Purpose: Massively parallel sequencing allows simultaneous testing of multiple genes associated with cancer susceptibility. Guidelines are available for variant classification; however, interpretation of these guidelines by laboratories and providers may differ and lead to conflicting reporting and, potentially, to inappropriate medical management. We describe conflicting variant interpretations between Clinical Laboratory Improvement Amendments-approved commercial clinical laboratories, as reported to the Prospective Registry of Multiplex Testing (PROMPT), an online genetic registry. Methods: Clinical data and genetic testing results were gathered from 1,191 individuals tested for inherited cancer susceptibility and self-enrolled in PROMPT between September 2014 and October 2015. Overall, 518 participants (603 genetic variants) had a result interpreted by more than one laboratory, including at least one submitted to ClinVar, and these were used as the final cohort for the current analysis. Results: Of the 603 variants, 221 (37%) were classified as a variant of uncertain significance (VUS), 191 (32%) as pathogenic, and 34 (6%) as benign. The interpretation differed among reporting laboratories for 155 (26%). Conflicting interpretations were most frequently reported for CHEK2 and ATM, followed byRAD51C, PALB2, BARD1, NBN, and BRIP1. Among all participants, 56 of 518 (11%) had a variant with conflicting interpretations ranging from pathogenic/likely pathogenic to VUS, a discrepancy that may alter medical management. Conclusions: Conflicting interpretation of genetic findings from multiplex panel testing used in clinical practice is frequent and may have implications for medical management decisions.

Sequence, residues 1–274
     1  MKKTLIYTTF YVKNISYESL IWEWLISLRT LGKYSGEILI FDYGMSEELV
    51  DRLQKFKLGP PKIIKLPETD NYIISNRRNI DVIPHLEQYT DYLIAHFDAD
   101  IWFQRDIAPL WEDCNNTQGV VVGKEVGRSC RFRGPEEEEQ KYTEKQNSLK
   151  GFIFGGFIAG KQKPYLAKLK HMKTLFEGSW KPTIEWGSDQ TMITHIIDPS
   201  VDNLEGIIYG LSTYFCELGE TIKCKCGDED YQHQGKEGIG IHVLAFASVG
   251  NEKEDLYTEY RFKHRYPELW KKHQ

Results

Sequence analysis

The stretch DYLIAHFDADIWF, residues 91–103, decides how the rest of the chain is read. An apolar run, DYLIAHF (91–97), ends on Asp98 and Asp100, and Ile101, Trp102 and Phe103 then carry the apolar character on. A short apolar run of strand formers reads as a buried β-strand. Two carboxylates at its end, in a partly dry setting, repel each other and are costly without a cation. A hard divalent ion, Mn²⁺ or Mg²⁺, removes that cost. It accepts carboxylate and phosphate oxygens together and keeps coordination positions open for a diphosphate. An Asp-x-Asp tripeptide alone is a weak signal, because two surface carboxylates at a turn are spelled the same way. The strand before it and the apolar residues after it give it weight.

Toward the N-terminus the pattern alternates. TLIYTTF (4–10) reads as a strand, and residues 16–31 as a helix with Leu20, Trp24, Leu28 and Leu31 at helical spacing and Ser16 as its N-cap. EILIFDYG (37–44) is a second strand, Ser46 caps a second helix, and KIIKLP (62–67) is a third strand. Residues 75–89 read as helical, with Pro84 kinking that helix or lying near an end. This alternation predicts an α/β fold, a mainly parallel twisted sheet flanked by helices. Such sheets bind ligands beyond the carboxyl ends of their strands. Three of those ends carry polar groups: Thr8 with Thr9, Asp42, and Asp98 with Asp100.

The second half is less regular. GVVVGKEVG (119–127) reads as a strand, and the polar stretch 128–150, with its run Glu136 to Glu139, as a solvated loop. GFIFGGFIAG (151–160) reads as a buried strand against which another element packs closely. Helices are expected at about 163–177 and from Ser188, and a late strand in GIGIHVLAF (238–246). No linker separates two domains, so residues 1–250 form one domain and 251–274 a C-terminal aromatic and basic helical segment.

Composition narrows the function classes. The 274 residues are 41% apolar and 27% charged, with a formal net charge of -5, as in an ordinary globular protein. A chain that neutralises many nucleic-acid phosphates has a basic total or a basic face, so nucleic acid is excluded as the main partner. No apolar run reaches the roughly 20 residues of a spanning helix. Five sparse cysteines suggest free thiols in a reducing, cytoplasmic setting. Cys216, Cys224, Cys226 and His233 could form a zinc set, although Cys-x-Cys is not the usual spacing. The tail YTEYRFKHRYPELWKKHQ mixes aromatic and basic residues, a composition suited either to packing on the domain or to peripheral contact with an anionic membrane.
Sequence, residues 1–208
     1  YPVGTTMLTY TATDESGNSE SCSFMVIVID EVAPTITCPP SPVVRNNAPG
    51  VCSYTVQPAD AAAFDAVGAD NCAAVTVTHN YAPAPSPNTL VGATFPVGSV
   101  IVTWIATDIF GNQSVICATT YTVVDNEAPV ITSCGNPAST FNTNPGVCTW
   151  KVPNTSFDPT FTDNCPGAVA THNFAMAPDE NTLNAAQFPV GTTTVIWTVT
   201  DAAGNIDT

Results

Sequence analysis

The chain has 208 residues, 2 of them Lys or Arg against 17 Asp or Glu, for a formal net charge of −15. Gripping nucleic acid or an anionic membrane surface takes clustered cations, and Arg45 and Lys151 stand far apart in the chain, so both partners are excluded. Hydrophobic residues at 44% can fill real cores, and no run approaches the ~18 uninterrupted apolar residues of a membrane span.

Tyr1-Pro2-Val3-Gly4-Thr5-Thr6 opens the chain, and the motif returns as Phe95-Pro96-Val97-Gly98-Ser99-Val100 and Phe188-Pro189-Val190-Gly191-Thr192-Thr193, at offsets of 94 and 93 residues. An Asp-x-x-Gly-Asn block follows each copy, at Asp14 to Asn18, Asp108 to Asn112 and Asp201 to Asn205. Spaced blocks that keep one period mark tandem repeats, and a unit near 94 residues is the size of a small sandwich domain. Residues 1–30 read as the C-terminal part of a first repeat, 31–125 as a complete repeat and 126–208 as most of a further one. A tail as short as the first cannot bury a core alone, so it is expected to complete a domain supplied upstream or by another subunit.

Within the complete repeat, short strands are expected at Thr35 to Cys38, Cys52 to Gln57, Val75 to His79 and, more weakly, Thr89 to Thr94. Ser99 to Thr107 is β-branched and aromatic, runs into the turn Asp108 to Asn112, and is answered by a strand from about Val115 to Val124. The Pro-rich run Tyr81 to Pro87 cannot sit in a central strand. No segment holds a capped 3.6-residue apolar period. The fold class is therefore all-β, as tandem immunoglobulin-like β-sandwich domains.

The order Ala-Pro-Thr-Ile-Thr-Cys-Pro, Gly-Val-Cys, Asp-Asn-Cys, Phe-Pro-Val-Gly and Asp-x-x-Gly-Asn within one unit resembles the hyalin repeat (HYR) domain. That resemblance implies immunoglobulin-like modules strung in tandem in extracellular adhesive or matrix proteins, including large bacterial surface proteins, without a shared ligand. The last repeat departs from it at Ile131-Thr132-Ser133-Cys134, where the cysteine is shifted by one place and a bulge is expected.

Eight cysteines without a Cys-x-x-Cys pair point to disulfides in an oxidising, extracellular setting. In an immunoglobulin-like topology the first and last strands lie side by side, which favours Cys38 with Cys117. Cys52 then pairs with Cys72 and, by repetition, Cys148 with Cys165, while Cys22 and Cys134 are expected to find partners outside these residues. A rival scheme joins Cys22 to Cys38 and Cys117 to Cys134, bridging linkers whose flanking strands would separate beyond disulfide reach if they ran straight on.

ASJC Scopus subject areas
- Cancer Research